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Philosophers and psychologists have long-debated the notion that the voice in our heads might help us to control our actions. Evidence from a number of lines of research suggests that verbal resources help us to focus attention, providing reason to believe that the inner voice might aid self-control via this capacity. In this study we explored the link between verbal resources and self-control by occupying the inner voice and then assessing behavioral indices of self-control. Participants completed regular and switching versions of the Go/No-Go task while doing verbal or spatial secondary tasks. Compared with the spatial task, doing the verbal task resulted in more impulsive responding, as indicated by a greater tendency to make a 'Go' response, a pattern that was accentuated in the switching version of the Go/No-Go. Our results suggest that the inner voice helps us to exert self-control by enhancing our ability to restrain our impulses.
This article was published in the following journal.
Name: Acta psychologica
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Pathological processes that affect voice production, usually involving VOCAL CORDS and the LARYNGEAL MUCOSA. Voice disorders can be caused by organic (anatomical), or functional (emotional or psychological) factors leading to DYSPHONIA; APHONIA; and defects in VOICE QUALITY, loudness, and pitch.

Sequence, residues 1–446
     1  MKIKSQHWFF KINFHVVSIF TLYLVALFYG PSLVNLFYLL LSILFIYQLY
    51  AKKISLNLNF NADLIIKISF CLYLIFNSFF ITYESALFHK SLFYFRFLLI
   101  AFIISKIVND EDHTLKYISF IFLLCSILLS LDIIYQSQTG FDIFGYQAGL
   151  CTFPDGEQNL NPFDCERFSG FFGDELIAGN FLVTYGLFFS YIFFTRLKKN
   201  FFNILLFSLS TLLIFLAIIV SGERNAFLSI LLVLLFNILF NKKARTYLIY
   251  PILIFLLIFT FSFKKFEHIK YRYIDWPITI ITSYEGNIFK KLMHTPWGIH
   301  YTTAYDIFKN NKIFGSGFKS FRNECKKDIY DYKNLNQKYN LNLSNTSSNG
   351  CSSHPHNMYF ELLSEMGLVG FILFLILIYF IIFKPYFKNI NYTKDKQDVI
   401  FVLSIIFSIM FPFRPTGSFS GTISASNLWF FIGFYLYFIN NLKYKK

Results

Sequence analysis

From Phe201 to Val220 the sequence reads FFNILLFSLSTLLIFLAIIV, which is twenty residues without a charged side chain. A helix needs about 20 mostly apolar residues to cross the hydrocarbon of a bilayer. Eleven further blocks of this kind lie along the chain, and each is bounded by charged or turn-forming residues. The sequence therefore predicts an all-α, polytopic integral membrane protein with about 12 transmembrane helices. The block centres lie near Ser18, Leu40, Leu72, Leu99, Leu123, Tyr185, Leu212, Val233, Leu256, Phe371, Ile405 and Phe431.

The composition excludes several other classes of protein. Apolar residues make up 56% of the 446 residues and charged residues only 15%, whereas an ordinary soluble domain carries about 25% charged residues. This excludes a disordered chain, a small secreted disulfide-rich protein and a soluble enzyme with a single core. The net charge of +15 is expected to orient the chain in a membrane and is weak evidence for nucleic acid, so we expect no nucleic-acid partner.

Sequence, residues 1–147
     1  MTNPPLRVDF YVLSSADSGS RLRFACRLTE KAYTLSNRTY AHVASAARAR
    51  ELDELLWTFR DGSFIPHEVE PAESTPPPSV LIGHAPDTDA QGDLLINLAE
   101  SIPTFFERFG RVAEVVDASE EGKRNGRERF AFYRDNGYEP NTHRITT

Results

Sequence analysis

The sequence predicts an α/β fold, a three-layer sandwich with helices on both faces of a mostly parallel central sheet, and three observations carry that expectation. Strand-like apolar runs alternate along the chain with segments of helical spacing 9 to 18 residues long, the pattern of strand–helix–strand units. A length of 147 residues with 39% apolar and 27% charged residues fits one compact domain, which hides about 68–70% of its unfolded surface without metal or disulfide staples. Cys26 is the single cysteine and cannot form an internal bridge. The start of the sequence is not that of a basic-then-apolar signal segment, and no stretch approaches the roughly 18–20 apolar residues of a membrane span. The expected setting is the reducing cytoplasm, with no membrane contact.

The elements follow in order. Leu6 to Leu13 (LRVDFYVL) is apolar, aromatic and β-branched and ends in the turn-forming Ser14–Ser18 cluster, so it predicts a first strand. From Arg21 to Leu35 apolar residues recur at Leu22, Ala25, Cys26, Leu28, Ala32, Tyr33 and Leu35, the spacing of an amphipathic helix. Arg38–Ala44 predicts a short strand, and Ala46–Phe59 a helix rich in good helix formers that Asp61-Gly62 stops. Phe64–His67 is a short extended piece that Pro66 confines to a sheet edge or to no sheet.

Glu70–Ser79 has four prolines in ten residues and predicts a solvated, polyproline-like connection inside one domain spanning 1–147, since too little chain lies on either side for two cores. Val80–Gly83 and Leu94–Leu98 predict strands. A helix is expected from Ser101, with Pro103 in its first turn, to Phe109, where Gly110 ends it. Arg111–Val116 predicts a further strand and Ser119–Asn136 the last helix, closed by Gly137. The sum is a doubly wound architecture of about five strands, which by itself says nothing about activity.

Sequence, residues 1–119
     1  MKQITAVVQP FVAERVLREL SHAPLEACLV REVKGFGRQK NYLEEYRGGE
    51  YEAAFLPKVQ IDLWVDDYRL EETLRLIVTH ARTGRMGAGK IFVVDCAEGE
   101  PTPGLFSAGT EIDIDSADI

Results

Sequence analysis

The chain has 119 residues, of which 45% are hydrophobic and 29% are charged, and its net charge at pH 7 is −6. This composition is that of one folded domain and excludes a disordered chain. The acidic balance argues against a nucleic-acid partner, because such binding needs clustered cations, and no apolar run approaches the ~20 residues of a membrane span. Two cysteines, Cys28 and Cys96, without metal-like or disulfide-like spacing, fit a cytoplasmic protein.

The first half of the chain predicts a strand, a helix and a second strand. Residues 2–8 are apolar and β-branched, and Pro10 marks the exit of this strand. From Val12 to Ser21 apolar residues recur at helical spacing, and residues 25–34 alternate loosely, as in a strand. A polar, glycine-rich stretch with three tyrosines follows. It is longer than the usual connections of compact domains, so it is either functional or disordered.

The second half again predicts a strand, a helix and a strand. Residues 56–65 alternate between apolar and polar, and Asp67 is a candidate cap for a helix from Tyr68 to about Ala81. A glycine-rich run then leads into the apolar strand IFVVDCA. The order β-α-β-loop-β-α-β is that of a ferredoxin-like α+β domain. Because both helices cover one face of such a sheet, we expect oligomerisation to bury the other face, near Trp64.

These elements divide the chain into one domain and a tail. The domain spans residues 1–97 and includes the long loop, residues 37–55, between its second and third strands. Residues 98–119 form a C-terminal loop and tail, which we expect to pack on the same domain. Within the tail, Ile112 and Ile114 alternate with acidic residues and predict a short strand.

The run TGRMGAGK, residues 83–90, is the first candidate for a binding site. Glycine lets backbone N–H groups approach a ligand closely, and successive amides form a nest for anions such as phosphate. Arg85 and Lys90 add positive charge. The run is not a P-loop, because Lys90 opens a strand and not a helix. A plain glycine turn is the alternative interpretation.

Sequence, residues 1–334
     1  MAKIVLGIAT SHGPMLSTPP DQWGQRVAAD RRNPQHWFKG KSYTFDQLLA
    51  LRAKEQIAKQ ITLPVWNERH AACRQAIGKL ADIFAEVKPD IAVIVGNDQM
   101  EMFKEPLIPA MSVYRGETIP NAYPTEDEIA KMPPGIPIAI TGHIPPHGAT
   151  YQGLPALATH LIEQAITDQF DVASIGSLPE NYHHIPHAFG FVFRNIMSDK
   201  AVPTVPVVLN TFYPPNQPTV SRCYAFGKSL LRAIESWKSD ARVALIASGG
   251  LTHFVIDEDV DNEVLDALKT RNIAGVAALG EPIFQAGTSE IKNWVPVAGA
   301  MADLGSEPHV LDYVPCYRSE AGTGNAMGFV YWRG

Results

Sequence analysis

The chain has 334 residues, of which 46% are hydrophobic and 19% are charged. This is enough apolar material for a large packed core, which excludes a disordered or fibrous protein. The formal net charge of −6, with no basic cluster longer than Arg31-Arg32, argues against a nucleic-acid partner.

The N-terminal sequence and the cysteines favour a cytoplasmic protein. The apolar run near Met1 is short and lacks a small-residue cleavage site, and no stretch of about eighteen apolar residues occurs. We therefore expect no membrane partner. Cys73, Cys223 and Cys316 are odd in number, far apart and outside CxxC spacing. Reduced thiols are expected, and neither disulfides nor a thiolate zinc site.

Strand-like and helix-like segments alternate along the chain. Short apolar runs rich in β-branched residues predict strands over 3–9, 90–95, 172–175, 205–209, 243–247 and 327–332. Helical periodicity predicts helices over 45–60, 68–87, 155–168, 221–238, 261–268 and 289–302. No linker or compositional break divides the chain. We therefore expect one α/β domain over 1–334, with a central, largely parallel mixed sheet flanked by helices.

That component of SPEECH which gives the primary distinction to a given speaker's VOICE when pitch and loudness are excluded. It involves both phonatory and resonatory characteristics. Some of the descriptions of voice quality are harshness, breathiness and nasality.
A variety of techniques used to help individuals utilize their voice for various purposes and with minimal use of muscle energy.
An unnaturally deep or rough quality of voice.
Modulation of human voice to produce sounds augmented by musical tonality and rhythm.